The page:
Wednesday, June 27, 2007

The Income of Americans is Rising (despite the statistics)
Mike Rappaport

Steve Landsburg discusses how significant technological progress has been (and the fact that the means we use to measure per capita income significantly understates the benefits of such progress):

As far as the quality of the goods we buy, try picking up an electronics catalogue from, oh, say, 2001 and ask yourself whether there's anything there you'd want to buy. That was the year my friend Ben spent $600 for a 1.3-megapixel digital camera that weighed a pound and a half. What about services, such as health care? Would you rather purchase today's health care at today's prices or the health care of, say, 1970 at 1970 prices? I don't know any informed person who would choose 1970, which means that despite all the hype about costs, health care now is a better bargain than it's ever been before.

The moral is that increases in measured income -- even the phenomenal increases of the past two centuries -- grossly understate the real improvements in our economic condition. The average middle-class American might have a smaller measured income than the European monarchs of the Middle Ages, but I suspect that Tudor King Henry VIII would have traded half his kingdom for modern plumbing, a lifetime supply of antibiotics and access to the Internet.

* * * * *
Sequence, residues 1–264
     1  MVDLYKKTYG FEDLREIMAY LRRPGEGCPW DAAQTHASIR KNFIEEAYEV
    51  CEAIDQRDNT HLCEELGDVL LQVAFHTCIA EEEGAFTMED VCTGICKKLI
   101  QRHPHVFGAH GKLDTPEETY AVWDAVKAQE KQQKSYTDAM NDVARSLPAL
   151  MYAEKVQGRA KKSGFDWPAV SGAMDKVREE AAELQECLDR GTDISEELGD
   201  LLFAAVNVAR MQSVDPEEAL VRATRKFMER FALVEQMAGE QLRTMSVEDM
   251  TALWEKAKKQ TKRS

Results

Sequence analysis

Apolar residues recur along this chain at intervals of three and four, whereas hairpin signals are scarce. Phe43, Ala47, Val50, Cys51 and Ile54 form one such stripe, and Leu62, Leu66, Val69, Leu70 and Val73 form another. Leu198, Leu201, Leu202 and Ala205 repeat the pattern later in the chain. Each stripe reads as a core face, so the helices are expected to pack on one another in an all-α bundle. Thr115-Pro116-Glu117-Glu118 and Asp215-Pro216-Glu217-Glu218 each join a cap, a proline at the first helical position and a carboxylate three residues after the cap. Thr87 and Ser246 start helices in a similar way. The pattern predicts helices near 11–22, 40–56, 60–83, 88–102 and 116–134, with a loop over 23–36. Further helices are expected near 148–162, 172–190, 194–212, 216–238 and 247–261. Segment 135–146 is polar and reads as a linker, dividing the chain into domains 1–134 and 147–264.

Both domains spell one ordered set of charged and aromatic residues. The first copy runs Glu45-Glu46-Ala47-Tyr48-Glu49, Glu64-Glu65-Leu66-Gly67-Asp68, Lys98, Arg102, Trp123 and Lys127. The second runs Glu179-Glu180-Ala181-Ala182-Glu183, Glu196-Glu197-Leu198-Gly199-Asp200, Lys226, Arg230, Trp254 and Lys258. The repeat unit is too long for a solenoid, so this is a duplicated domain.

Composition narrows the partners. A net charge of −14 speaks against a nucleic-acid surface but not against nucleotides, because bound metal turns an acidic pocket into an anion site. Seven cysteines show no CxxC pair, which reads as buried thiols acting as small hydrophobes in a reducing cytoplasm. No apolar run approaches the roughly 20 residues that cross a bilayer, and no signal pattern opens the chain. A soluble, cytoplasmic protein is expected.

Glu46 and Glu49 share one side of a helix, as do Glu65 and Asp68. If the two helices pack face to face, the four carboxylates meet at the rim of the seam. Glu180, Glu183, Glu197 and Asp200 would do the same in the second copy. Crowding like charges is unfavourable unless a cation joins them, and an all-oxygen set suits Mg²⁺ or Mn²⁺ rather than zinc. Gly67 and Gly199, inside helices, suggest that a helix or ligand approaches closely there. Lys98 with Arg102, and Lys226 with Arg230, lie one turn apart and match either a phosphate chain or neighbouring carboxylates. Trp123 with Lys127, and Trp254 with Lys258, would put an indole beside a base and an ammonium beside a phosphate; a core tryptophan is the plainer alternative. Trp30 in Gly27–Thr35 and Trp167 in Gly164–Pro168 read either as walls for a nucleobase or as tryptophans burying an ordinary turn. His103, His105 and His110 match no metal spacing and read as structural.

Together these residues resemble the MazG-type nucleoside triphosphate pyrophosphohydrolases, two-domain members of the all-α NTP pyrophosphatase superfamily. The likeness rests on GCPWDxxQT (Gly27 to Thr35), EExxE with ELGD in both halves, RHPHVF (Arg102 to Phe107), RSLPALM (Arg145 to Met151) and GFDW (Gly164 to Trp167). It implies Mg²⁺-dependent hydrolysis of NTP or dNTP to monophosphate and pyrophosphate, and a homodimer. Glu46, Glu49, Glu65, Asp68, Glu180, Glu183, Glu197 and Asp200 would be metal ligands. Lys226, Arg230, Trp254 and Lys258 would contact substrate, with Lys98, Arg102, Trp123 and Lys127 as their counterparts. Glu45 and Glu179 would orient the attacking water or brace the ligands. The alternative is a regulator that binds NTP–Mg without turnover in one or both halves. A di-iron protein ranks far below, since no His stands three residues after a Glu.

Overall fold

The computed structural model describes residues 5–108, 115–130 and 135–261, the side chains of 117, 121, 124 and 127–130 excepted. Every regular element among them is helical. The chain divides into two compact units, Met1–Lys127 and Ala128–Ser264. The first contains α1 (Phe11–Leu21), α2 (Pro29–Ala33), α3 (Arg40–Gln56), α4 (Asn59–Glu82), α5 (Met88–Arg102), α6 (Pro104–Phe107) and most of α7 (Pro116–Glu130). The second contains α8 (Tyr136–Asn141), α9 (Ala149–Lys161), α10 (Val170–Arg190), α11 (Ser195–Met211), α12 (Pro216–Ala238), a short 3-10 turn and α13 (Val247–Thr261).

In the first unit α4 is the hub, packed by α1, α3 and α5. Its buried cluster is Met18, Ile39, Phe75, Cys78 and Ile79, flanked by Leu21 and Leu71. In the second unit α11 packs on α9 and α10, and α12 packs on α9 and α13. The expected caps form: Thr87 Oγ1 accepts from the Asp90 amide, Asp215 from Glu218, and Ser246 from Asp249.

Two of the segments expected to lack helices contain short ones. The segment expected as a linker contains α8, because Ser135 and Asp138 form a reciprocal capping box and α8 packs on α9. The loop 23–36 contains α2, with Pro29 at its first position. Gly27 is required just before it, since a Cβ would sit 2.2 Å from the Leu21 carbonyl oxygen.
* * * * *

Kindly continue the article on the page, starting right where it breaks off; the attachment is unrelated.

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Mike Rappaport


Excellent points.

I attended an upper middle-class high school in the early 50s. The typical home was about 1,200 sqft or less; the average family had one bath-room; no air conditioning (Florida); the boys invariably shared a bed-room. Many families had one car which Dad usually took to work. If there were two teen-aged boys you fought or took turns over who got to use the car on weekend nights (girls waited to be picked up on things called dates). Mother never had an automatic dish-washer (she had the kids but we were far from automatic); she did not have a freezer; I don't think she had a washer and dryer.

We thought we were living well after the struggles during WWII; and we were.

My own children and grand-children cannot even relate. Nor could we relate to the early lives of our parents and grand-parents.

Posted by: Bob | Jun 27, 2007 12:44:56 PM

Glad to see other.

Posted by: Piton | Sep 9, 2007 5:36:29 AM

This is super.

Posted by: Max | Sep 9, 2007 8:51:45 PM

Is cool and to say hello.
Its the second time.

Posted by: Tory | Sep 20, 2007 6:25:47 PM